I am going to bed now as it is bedtime. This is a self-imposed bedtime and, to be honest, I don’t even know what time it is. The point being, I am going to bed and reflecting on the day I have had. A day in which I gave myself a surprise treat.

Today I went for a drive because I needed petrol and, in a Forrest Gump way, I kept on driving and driving. I eventually stopped and, where I chose to stop, I noticed there was a museum over the road. I only pulled up to get a drink and then continue my drive but curiosity got the better of me and so I decided to walk into the museum. It turned out to be a museum of mining – the most self-obsessed of all museums. The assistant immediately engaged me (in conversation rather than proposing marriage) and, in a moment of maverick spontaneity (after all, any longer than “a moment” and I couldn’t class it as “maverick spontaneity” – which it most certainly was) I proclaimed, “One adult, please!”

Fortunately for me the assistant had obviously heard this request before, or was at least wise enough to interpret it, otherwise she may have panicked, as I probably would have, and delivered an actual adult. I would then have had to pay for the adult and, rather than going home with a bottle of water; I’d have ended up a human trafficker! As I say, she read between the lines and none of this occurred. What did occur, however, was to change my entire day… and the lives of others. Perhaps.

The assistant asked the question, “Would you like the museum, the tour or both?”. I was on a roll! I had only wanted petrol in the first place, then I decided to drive a distance for it (ironic in itself), I’d made a stop for water and now I found myself narrowly missing out on becoming a slave trader in a museum I was only now becoming aware that I’d stepped inside. There was only one answer: “BOTH!”.

Actually, there were two answers and the one I gave was distinctly more British and polite, “Oh, well, um, both, then. Please?”.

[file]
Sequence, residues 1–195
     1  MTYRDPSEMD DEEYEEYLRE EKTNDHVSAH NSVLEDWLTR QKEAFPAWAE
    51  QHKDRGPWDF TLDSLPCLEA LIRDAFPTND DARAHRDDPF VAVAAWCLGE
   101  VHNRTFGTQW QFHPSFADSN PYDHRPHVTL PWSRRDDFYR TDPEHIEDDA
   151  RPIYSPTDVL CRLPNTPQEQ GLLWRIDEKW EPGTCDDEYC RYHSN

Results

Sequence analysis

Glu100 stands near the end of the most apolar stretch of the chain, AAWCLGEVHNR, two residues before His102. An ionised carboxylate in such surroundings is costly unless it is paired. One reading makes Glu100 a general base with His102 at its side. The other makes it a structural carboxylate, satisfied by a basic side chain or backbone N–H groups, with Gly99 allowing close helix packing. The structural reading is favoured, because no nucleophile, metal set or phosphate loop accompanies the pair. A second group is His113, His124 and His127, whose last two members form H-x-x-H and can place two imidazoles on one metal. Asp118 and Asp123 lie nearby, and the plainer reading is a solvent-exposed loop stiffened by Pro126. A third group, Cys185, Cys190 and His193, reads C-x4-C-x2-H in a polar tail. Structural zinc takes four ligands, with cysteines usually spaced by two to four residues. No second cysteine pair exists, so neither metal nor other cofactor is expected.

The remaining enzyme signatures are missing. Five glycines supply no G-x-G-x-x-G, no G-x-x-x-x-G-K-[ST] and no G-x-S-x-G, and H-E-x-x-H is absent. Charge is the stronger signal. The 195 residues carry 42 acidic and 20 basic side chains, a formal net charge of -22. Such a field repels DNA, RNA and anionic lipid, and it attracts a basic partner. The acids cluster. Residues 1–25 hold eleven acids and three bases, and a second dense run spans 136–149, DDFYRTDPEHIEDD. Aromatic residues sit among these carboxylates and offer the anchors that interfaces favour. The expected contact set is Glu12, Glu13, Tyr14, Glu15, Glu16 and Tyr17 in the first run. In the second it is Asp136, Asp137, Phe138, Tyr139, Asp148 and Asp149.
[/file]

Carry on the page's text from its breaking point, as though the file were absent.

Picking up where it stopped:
So I set off, on my own, for a little tour of the mining museum. It was very interesting and, at one point, I engaged 4 pensioners in a conversation about the Chilean president. Well, it was a Tuesday, after all. It was shortly after this point that a tour guide came to collect me – I imagine at the relief of the bemused elderly quartet.

5 minutes later and I was stood over the road from the museum with a tour guide and a couple I’d never met before. All three were wearing hiking gear – sturdy boots, water proof trousers, waterproof jackets, back packs. All three members of the party looked like they were ready to go into a cold, damp cave. Unfortunately, there were actually four members of the party. The fourth member, who for the sake of this tale I shall call “I”, wasn’t so well equipped. For a start off “I” had been suffering from ‘flu for the past 3 days so heading underground probably wasn’t the best idea “I” could have. Coupled with that my exploration get-up consisted of jeans, a chunky woollen hoodie and gold trainers which weren’t really meant for walking (some would argue there weren’t meant for wearing in public) and it was a disaster waiting to happen.

Fortunately, a disaster didn’t happen. I explored the caves – some of the tunnels were hundreds of years old – I saw some spiders and some mineral rock things and I didn’t once bump my hard hatted head, despite having to practically crawl through holes no bigger than small holes. I even conversed with the couple – who were from Boston, Lincolnshire and enjoyed “doing caverns” – about bats:

Me: Do you like bats?

Couple: Not really, no. Do you?

Me: I’m not really sure.

Couple: Hmmm. Well. Bats, hey…

Me: Yeah. Bats…

I even found out that the guide studied architecture at university, she knew more about rocks and minerals than equiptment and she had never hosted a party in cave. It also turned out that she had never said, during the course of a tour, “This is mine… all mine!” Although I don’t see how anyone could resist that.

After the tour we all parted and went our separate ways but, it has to be said, I don’t think the other three really felt the connection that I did. I didn’t ask for phone numbers but my “Nice to meet you, maybe see you down another hole soon?” wasn’t reciprocated. Actually, now I come to write that down, it does seem a little odd to have said it. I’ll let them off that one.

So that was my day. I didn’t get the water – although I did have some chips – but I managed to get petrol for my car. I wanted to put £20 in but then I decided I was enjoying the random theme of the day, so I kept going until I reached £32.

So, Here’s What I Have Learnt Today: It is good to surprise yourself. Not only could you walk in the footsteps of history but you may well bring a couple closer together as they reassess their outlook on bats. Congratulations: You’ve just saved a marriage!